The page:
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Vitola v. City of New York

September 25, 2007


The opinion of the court was delivered by: John Gleeson, District Judge



Maria Vitola brings this pro se action alleging violations under 42 U.S.C. §§ 1981, 1983 and 1985. Vitola seeks $20 million in damages, declaratory and injunctive relief. For the purposes of this disposition, I grant Vitola's request to proceed in forma pauperis pursuant to 28 U.S.C. § 1915. I now dismiss the action with leave to amend for the reasons set forth below.


Vitola alleges that police officers from the 123rd Precinct in Richmond County have "an explicit and humiliating tape of [Vitola] and a former boyfriend" which "is being viewed on a regular basis." Compl. ¶ 18. Vitola generally alleges "ongoing harassment and misconduct from the 123rd Precinct starting from late 2001 when [she] went there to report a drugging and a rape" which they failed to investigate. Compl. ¶ 19. Vitola claims that a man named Frank Conte and a physician who used to employ Vitola conspired to drug her into unconsciousness while she was at Conte's apartment for dinner, Compl. ¶ 20; that the physician raped her during her unconsciousness, causing a dead fetus to fall out of her at a later date, Compl. ¶ 26; and that subsequently unknown people would harass her with telephone calls regarding that incident, Compl. ¶ 20. She alleges as well that a man named George Lotito, related through marriage to the physician, threatened her with death several times. Compl. ¶ 21. She alleges that her employer Peter Albano represented to her that he was an initiated member of the Genovese Crime family, Compl. ¶¶ 20, 22, and that he had some knowledge of the incident, Compl. ¶ 22, and also asked her if she loved her mother in a way that Vitola found threatening, id.

She further claims that the police did not act on the various reports she made of these incidents, Compl. ¶¶ 21, 23-24, and that one detective, Dennis Hanson, disseminated her claim that she had been celibate for six months prior to her meeting with Frank Conte throughout the precinct, Compl. ¶ 24. This information spread through the precinct to the neighborhood. Id. On one occasion two males accosted her on the street and harassed her by relating this information to her, and an hour after she screamed at them to ask where they heard this information, three police cars drove to outside her place of work and waited there for 20-30 minutes to intimidate her. Compl. ¶ 25. Additionally, a police officer took off his clothes in the bathroom of her workplace. Id. Finally, police officers from the 123rd Precinct apparently denied to Internal Affairs that she had made any reports to them, and "tried to sabotage" an unspecified claim Vitola made to the city. Compl. ¶ 27. This claim might be an unspecified action Vitola states that she initiated in compliance with New York State's notice-of-claim statute. Compl. ¶¶ 4-7.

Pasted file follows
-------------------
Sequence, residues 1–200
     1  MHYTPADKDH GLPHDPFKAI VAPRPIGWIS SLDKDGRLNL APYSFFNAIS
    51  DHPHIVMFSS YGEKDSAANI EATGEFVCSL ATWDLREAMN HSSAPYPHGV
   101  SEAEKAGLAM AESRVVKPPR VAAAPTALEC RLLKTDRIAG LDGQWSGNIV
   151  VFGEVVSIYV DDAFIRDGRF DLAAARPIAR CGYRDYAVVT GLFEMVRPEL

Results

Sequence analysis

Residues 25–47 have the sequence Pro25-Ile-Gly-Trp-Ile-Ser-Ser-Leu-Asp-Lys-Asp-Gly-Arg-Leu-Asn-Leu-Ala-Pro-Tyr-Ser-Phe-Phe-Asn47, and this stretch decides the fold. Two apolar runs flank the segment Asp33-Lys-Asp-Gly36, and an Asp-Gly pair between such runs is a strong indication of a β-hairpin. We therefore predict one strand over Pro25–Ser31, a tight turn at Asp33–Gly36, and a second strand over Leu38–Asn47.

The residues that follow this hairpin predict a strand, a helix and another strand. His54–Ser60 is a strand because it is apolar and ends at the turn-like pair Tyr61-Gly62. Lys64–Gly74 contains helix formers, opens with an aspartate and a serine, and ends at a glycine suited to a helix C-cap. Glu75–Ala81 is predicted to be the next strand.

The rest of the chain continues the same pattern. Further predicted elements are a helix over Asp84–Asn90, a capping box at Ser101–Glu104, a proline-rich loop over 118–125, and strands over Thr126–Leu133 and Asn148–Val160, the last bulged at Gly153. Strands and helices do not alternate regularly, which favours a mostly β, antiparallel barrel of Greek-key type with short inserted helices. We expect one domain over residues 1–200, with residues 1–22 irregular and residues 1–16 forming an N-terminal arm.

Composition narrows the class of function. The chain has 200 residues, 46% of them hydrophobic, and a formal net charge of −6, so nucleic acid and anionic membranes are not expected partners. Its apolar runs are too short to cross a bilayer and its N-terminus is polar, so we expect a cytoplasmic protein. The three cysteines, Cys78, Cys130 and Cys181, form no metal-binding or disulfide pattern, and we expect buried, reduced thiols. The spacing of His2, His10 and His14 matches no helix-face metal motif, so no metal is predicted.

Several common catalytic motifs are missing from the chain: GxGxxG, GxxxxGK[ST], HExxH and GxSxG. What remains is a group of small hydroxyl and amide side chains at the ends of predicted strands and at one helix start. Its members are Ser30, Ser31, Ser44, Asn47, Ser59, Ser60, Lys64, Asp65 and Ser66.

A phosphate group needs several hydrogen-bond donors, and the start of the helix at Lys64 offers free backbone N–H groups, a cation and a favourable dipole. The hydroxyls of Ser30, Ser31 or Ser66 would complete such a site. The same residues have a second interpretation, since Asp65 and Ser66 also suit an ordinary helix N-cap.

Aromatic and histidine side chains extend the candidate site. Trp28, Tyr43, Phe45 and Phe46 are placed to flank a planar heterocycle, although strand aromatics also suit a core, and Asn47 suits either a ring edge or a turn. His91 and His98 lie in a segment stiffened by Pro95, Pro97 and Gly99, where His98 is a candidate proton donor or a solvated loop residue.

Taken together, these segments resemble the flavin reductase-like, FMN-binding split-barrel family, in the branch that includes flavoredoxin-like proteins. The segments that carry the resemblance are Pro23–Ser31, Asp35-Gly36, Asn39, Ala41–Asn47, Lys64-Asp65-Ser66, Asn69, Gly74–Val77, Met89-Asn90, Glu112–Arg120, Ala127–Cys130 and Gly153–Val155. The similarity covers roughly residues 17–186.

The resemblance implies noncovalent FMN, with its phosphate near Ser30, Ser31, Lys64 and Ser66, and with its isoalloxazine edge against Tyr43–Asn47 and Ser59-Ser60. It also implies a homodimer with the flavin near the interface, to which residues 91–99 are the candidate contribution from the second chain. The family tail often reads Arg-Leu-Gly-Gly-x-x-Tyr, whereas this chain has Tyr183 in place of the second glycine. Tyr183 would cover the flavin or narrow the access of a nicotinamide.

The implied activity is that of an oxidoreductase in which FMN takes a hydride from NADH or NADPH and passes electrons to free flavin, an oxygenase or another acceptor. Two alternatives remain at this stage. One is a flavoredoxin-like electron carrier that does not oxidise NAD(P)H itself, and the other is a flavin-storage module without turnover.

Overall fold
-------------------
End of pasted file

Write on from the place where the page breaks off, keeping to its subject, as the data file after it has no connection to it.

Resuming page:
A. Standard of Review

In reviewing the complaint, I am mindful that Vitola is proceeding pro seand that her pleadings should be held "to less stringent standards than formal pleadings drafted by lawyers." Hughes v. Rowe, 449 U.S. 5, 9 (1980); see also McEachin v. McGuinnis, 357 F.3d 197, 200 (2d Cir. 2004) ("[W]hen the plaintiff proceeds pro se . . . a court is obliged to construe his pleadings liberally, particularly when they allege civil rights violations." (citation omitted)). However, pursuant to the in forma pauperisstatute, I must dismiss a complaint if I determine that the action "(i) is frivolous or malicious, (ii) fails to state a claim upon which relief may be granted, or (iii) seeks monetary relief from a defendant who is immune from such relief." 28 U.S.C. § 1915(e)(2)(B). A claim is frivolous if its "factual contentions are clearly baseless, such as when allegations are the product of delusion or fantasy," or if it is "based on an indisputably meritless legal theory"-- that is, when it "lacks an arguable basis in law . . . , or [when] a dispositive defense clearly exists on the face of the complaint." Livingston v. Adirondack Bev. Co., 141 F.3d 434, 437 (2d Cir. 1998) (internal quotations omitted).

B. Factual Frivolousness

The Supreme Court has observed that "a finding of factual frivolousness is appropriate when the facts alleged rise to the level of the irrational or the wholly incredible, whether or not there are judicially noticeable facts available to contradict them." Denton v. Hernandez, 504 U.S. 25, 33 (1992); see also Miller v. Silverstein, 122 F.3d 1056, at *1-*2 (2d Cir.) (unpublished) (finding factually frivolous claim that several disparate public figures were engaged in decades-long conspiracy to import heroin); Jones v. City of New York, No. 99-8281, 2000 WL 516889, at *3 (E.D.N.Y. Mar. 15, 2000) (dismissing sua sponte pro se plaintiff's complaint of being the target of sexual obsession and blackmail by two separate female correctional officers as factually frivolous).

Several of Vitola's claims may rise to this level. For example, Vitola makes the following allegation:

I had a dead fetus fall out of me while I was going to the bathroom. A DEAD FETUS that the former physician I worked for shoved inside me after he drugged and raped me.

Compl. ΒΆ 26 (emphasis in original). I need not decide, however, whether this or Vitola's other allegations are so incredible as to be factually frivolous, as she fails to state a claim on which relief can be ...

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